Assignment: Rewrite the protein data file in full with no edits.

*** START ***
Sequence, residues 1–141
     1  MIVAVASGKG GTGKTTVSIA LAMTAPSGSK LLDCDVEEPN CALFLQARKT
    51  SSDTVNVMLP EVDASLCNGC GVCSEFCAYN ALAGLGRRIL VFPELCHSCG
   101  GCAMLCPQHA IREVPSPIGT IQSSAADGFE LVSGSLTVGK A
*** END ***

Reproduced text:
Sequence, residues 1–141
     1  MIVAVASGKG GTGKTTVSIA LAMTAPSGSK LLDCDVEEPN CALFLQARKT
    51  SSDTVNVMLP EVDASLCNGC GVCSEFCAYN ALAGLGRRIL VFPELCHSCG
   101  GCAMLCPQHA IREVPSPIGT IQSSAADGFE LVSGSLTVGK A